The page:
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LA Street Services via Twitter

Los Angeles Testing Reflective Roads to Keep Neighborhoods Cool

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LA Street Services via Twitter

The urban heat island effect is a well-documented part of city living. Cities are simply hotter than their surrounding regions, thanks to their miles and miles of dark surfaces like asphalt roads, brick buildings, and black tar roofs that absorb heat during the day. When night falls, these hard surfaces release the heat they’ve been taking in all day, keeping cities several degrees hotter than their greener neighbors long after the sun has set. Green roofs and more parklands help, but they can't cancel out the enormous areas of paved surfaces in most metropolises.

In Los Angeles, authorities are combating the hot temperatures of the park-poor city by installing California’s first reflective road coatings designed to reduce temperatures, according to the Los Angeles Daily News and Curbed Los Angeles.

City workers spread CoolSeal coating on a street while residents look on
LA Street Services via Twitter

Called CoolSeal, the gray, reflective coating is designed to keep roads from absorbing heat, cooling their surroundings accordingly. So far, it has been installed on a half-block of road in Canoga Park, and 14 other Los Angeles neighborhoods will be piloting CoolSeal-coated roads by the end of June. To deploy it across the city will cost $40,000 a mile, according to current estimates, and the coating will last about seven years.

There is plenty of asphalt to cover, making the endeavor both expensive and very worthwhile. Los Angeles County has more than 21,700 miles of roads and 200 square miles of parking spaces, resulting in the greatest urban heat island effect in the state of California—increasing temperatures by up to 19°F in some places.

Earlier this year, Los Angeles Mayor Eric Garcetti announced an initiative to lower the average temperature in the Los Angeles area by 3°F over the next two decades. In a two-year test by the city and CoolSeal's manufacturer, the coating decreased average summer temperatures in the parking lot of a sports complex in the Sepulveda Basin recreational area from 160°F to 135-140°F.

A few gray roads could help make sure no one ever tries to fry an egg on the sidewalk again.

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Getting Calls From Your Own Phone Number? Don't Answer!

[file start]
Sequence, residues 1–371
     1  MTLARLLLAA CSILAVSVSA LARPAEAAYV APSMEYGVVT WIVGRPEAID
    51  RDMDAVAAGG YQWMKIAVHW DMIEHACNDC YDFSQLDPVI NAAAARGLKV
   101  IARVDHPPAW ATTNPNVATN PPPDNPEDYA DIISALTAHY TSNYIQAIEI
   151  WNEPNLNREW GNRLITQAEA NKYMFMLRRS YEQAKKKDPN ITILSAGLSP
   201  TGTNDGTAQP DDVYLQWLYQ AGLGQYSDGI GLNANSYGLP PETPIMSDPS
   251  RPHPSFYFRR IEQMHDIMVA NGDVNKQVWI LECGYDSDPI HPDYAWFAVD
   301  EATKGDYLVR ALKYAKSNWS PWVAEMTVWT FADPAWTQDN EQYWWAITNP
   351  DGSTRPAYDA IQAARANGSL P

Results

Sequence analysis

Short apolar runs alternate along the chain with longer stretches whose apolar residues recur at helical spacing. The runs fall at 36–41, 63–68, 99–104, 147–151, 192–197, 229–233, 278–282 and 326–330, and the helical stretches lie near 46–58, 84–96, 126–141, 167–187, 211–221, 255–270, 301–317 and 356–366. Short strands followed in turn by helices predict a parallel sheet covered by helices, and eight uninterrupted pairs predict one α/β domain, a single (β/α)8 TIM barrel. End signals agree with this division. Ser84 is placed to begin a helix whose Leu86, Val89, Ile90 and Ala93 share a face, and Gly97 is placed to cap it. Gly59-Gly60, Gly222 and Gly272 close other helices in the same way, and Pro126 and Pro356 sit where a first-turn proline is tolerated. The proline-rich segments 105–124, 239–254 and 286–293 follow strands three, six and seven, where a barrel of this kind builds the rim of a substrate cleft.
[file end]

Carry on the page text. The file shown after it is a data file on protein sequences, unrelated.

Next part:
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There’s a new phone scam that could affect you, according to Washington’s KIRO 7 News. In addition to keeping your eyes open for calls that come from area codes like 473 or involve people claiming to be Equifax representatives, you now have to watch out for your own phone number.

Scammers are manipulating your phone’s caller ID to make it look like you’re getting a call from your own phone number, then posing as someone from a wireless carrier like AT&T or Verizon. They tell whoever answers the phone that their account has been flagged for security reasons, then ask for the last four digits of that person’s Social Security number. The FCC has been aware of these scams for at least two years, but they seem to be ramping up once again.

In general, you shouldn’t give out any part of your Social Security number over the phone on an incoming call. If you’re suspicious, you can always call your carrier back using the official customer service phone number on their website or on your bill. But it’s best not to pick up at all. If you receive a call from your own number, don’t answer or press any buttons. Instead, file a complaint with the FCC.

[h/t KIRO 7 News]

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Samsung’s Star Wars Vacuums Offer Everything You Want in a Droid
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Samsung

Hate housecleaning but love Star Wars? Samsung’s got the solution. In anticipation of December’s Star Wars: The Last Jedi, the newest film in the Star Wars saga, Samsung has transformed a limited number of its VR7000 POWERbot robot vacuum cleaners into two familiar faces from George Lucas’s legendary space opera: a Stormtrooper and Darth Vader (which comes with Wi-Fi connectivity and a remote control).

In order to create a unique device that would truly thrill Star Wars aficionados, Samsung consulted with fans of the film throughout each stage of the process. The result is a pair of custom-crafted robo-vacuums that fill your home with the sounds of a galaxy far, far away as they clean (when you turn Darth Vader on, for example, you'll hear his iconic breathing).

“We are very pleased to be part of the excitement leading up to the release of The Last Jedi and to be launching our limited edition POWERbot in partnership with Star Wars fans,” B.S. Suh, Samsung’s executive vice president, said in a press statement. “From its industry-leading suction power, slim design, and smart features, to the wonderful character-themed voice feedback and sound effects, we are confident the Star Wars limited edition of the VR7000 will be a big hit.”

Be warned that this kind of power suction doesn’t come cheap: while the Stormtrooper POWERbot will set you back $696, the Darth Vader vacuum retails for $798. Who knew the Dark Side was so sparkling clean?


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